In this episode, Frank talks about his lifelong journey through addiction and what he’s learned through the trials of recovery. He talks about his documentary “May I Be Frank?” and the impact that it has had on his life.
- Frank doesn’t blame his addiction on anybody but himself, but he does believe that his tough childhood helped “clear the runway” and perhaps made him more susceptible to addiction.
- A problem for people staying on path is that they believe that there is one place of ultimate nirvana where everything is ok all the time. This is a false belief and causes stress and setbacks.
- Frank found the Alcoholics Anonymous group incredibly supportive.
- Frank doesn’t believe that not drinking or using drugs is the hardest part of the process. Making amends and restitution are much more difficult.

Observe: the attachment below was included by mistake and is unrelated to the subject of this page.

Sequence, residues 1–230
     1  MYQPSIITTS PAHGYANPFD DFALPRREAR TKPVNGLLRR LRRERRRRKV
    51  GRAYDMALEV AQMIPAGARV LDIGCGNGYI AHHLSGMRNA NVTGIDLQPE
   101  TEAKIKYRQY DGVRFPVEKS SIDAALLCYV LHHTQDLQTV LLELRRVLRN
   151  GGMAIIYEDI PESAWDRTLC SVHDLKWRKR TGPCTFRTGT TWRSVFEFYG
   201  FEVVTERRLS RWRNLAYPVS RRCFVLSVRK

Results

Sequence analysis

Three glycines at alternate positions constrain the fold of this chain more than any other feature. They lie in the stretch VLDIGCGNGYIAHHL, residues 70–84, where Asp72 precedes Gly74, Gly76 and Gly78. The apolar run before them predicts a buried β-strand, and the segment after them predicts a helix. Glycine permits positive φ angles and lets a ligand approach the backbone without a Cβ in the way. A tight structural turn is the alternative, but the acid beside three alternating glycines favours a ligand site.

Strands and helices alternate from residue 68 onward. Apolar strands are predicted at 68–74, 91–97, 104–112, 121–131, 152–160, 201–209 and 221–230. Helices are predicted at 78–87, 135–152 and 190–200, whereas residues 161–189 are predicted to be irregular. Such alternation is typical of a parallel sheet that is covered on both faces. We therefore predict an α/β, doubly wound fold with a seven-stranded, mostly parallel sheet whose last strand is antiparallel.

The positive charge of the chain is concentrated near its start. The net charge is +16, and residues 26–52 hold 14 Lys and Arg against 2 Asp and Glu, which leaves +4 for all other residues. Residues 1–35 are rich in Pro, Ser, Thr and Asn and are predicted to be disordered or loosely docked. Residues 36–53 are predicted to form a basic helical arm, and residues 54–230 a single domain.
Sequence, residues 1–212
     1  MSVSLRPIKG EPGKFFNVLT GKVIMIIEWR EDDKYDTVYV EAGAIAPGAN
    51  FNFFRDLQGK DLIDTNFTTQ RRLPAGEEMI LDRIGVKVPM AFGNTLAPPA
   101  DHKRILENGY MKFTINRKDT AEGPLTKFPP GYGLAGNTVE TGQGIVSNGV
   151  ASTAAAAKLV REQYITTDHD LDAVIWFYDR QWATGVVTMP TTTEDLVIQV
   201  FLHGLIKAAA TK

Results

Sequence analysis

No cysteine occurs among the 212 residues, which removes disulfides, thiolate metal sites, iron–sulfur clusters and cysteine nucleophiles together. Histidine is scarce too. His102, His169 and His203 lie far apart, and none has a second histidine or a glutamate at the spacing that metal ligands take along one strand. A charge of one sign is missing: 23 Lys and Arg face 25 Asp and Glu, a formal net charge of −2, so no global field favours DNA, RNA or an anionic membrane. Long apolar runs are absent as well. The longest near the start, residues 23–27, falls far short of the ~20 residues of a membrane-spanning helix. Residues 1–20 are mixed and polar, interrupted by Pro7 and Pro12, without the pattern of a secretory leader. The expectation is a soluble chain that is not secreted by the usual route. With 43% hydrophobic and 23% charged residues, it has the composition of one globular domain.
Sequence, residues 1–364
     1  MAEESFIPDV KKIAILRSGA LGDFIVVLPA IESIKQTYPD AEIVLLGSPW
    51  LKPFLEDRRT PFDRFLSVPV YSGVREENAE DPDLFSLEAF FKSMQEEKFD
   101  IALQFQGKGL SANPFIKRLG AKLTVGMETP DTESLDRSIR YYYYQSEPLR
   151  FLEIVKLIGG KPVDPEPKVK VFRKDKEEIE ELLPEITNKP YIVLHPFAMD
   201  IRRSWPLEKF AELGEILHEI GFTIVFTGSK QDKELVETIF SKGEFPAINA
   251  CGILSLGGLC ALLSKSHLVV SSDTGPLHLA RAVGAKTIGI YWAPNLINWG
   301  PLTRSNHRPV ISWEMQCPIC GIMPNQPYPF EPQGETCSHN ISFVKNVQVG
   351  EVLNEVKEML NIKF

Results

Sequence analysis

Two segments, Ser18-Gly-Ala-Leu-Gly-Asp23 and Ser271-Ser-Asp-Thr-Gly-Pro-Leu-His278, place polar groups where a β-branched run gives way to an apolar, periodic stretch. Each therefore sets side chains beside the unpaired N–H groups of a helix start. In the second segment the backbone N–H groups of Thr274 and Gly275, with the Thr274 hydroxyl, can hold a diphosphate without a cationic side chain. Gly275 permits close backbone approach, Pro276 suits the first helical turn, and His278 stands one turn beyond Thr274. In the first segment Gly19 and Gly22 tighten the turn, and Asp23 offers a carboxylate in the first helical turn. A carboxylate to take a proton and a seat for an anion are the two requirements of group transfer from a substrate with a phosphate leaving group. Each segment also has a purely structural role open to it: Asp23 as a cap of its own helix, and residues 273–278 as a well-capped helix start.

- Drugs and alcohol are symptomatic of a deeper underlying condition.
- It is not about getting rid of the ego. It is about learning how to make peace with it.
- People must go through an interval of discomfort to have a transformative experience.
- For the documentary “May I Be Frank?”, Frank ate all vegan and raw food for 42 days.
- After the 42-day experiment, the help that Frank had all left him, and it was tough to continue.
- Frank was later treated for Hepatitis C and was given opiates. He started to fall back into his old patterns and went through a dark patch where he almost died and had to go to rehab.
- He then committed to a healthier diet and began to work out and lost 125 lbs.
- Frank has been sober for over 15 years.
- One of Frank's favorite things about having done the film is how open it makes others to speak with him openly and share their stories.
May I Be Frank - Movie
May I Be Frank - Book
Outwitting The Devil - Napoleon Hill
Gabor Mate - The Power of Addiction - Ted Talk